Allie Nawrat: How could psychedelic drugs transform treatment of mental health patients?

Amanda Feilding: One of our core research projects has been on psilocybin or magic mushrooms as a new treatment for the underlying cause of depression, which has a high suicide rate. We found that 67% of patients were depression-free one week after treatment and 42% remained in remission three months later. The psychedelic works by shaking up the rigid, ruminative thought patterns associated with depression.

We are aiming to put products through Phase I, II and then III clinical trials; for psychedelics, this will take a few years, but it would be lovely if it could be sped up to bring benefits to patients with a large need. Research is ongoing, but psychedelics have been shown to be promising potential treatments for otherwise hard-to-treat conditions, such as depression, existential anxiety, addiction and PTSD.

AN: How significant was the UK’s recent move towards legalising medical marijuana?

AF: It is a step in the right direction. However, unfortunately, it has been highly restricted and the actual number of prescriptions is very low, around six. This is because the patient has to prove that no other medication works, which means long periods of medications with nasty side effects, and at the moment only a few specialists can prescribe medicinal cannabis.

Therefore, although the law has changed, major barriers remain, preventing access for patients who would benefit greatly from this medicine. These patients continue to suffer unnecessarily, so changing this needs to be the next priority.

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We need to educate our doctors on this topic. There is a gap in their knowledge as cannabis has been illegal and not used medically in the UK for over 90 years. They are cautious and nervous about stepping out of line.

Hopefully, we will follow Portugal, who used to be at the top of lists of deaths and overdoses from illegal drugs in Europe – now the UK is at the top of the list – however, since decriminalising drugs in 2001, there has been a reduction of both drug-related deaths and rates of addiction in Portugal.

AN: Have you noticed a change in public and governmental perceptions towards the potential of prohibited drugs as medical products? What are the remaining barriers to widespread reform of illegal drug policy?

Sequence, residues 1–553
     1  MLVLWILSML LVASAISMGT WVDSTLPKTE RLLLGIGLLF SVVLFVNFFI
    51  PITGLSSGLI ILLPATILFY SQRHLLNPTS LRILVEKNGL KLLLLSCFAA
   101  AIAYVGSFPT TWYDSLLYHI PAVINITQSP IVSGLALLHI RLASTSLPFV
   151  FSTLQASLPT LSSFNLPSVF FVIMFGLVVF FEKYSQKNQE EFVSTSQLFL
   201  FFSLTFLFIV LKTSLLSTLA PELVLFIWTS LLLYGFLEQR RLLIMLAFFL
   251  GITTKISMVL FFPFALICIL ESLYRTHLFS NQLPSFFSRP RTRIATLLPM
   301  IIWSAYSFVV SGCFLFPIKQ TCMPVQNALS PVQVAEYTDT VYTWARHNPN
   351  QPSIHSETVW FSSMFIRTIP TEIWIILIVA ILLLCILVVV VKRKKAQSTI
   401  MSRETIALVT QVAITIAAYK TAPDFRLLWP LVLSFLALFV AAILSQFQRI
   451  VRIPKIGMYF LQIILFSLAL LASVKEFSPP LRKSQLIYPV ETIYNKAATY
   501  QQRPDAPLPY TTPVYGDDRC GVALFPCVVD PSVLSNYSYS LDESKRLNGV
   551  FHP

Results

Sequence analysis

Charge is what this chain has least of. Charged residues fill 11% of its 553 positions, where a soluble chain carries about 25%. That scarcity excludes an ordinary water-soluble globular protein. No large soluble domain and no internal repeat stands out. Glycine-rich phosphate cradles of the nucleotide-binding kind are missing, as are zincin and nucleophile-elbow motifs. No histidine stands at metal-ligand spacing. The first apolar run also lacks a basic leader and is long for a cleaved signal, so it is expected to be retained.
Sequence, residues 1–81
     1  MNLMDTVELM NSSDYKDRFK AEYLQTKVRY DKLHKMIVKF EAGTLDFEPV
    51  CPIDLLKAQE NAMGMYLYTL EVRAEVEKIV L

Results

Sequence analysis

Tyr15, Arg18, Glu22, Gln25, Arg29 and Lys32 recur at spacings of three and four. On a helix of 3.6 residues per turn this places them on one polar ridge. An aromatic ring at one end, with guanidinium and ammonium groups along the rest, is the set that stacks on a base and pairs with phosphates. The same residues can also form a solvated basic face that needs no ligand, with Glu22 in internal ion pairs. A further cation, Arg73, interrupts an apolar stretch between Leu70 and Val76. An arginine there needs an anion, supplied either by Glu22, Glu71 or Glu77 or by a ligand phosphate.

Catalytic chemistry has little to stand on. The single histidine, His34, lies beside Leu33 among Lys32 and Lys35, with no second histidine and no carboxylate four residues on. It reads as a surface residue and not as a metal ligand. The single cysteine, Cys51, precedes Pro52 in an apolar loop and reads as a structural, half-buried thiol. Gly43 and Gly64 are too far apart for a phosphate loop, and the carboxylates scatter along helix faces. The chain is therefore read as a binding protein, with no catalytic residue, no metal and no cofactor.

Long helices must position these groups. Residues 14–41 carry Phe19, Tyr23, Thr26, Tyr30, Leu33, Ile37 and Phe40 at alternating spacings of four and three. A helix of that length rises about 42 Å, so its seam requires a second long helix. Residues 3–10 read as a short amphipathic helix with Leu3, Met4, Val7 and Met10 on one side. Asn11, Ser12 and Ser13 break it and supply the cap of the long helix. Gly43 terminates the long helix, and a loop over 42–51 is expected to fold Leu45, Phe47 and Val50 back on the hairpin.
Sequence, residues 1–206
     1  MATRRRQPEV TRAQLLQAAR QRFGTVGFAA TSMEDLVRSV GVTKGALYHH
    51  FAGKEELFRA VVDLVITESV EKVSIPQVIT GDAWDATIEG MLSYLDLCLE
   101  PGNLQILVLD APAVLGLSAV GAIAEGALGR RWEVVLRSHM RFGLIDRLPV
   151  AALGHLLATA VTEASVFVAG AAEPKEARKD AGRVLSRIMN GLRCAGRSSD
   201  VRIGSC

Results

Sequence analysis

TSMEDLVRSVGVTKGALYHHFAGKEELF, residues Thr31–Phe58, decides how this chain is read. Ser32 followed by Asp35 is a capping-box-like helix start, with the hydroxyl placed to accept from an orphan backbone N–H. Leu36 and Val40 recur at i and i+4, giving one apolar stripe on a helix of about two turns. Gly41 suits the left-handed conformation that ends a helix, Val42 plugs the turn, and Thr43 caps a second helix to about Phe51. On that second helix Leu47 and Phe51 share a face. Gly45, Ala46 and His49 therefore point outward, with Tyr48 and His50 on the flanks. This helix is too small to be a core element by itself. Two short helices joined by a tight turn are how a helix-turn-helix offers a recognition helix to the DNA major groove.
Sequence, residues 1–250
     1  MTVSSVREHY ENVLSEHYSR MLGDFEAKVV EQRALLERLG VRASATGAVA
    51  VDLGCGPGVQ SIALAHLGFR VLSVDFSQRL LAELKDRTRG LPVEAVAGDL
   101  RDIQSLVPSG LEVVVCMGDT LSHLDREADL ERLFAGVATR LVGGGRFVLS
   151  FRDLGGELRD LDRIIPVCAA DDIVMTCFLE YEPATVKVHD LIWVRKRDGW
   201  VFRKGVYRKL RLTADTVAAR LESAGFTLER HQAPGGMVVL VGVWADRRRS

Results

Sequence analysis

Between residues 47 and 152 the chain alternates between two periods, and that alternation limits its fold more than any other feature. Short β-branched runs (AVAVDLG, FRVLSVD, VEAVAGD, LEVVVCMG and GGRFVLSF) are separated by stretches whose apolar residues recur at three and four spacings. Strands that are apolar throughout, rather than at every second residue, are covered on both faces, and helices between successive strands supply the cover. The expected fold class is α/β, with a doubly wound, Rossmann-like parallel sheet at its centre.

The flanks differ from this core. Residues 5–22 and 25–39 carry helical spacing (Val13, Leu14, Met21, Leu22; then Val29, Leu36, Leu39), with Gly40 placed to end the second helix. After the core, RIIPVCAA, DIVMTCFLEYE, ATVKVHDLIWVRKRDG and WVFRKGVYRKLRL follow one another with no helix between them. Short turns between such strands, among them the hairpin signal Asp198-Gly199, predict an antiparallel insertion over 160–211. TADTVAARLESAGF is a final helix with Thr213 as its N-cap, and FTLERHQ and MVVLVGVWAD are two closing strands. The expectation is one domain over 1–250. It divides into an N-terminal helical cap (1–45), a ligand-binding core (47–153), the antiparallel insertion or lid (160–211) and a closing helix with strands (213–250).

AF: There is an out-of-date perception that these compounds are very damaging and addictive. However, there has been a shift because, as a culture, we are in the midst of a mental health epidemic; there are very high figures of youth suicide, as well as rising rates of depression, which is very worrying.

There is a growing awareness of the efficacy of cannabis and psychedelic drugs in this regard and how they could represent a paradigm shift. People are also increasingly dissatisfied with the existing pharmaceutical and therapeutic approaches as they have low rates of efficacy, significant side effects and often take weeks to kick in. In addition, even if they do work, they only suppress symptoms, not the underlying causes of the disease.

One major remaining barrier is the structure of the UN, which has not changed its perspective on illegal drugs as a taboo, which makes research very difficult and more expensive.

The criminal activity associated with illegal drugs plays into the traditional perception. We do not want criminals and cartels in control of these compounds. We want to create carefully regulated markets in the hands of licensed professionals that mean the products can pass pharmaceutical regulations.

The situation we have at the moment is like the Wild West and is a lose-lose situation. But recently the World Health Organization recommended that cannabis and its key compounds be formally rescheduled under international drug treaties and be removed from Schedule IV – the most restrictive category of the 1961 UN drug convention. We are turning a corner to create a win-win situation.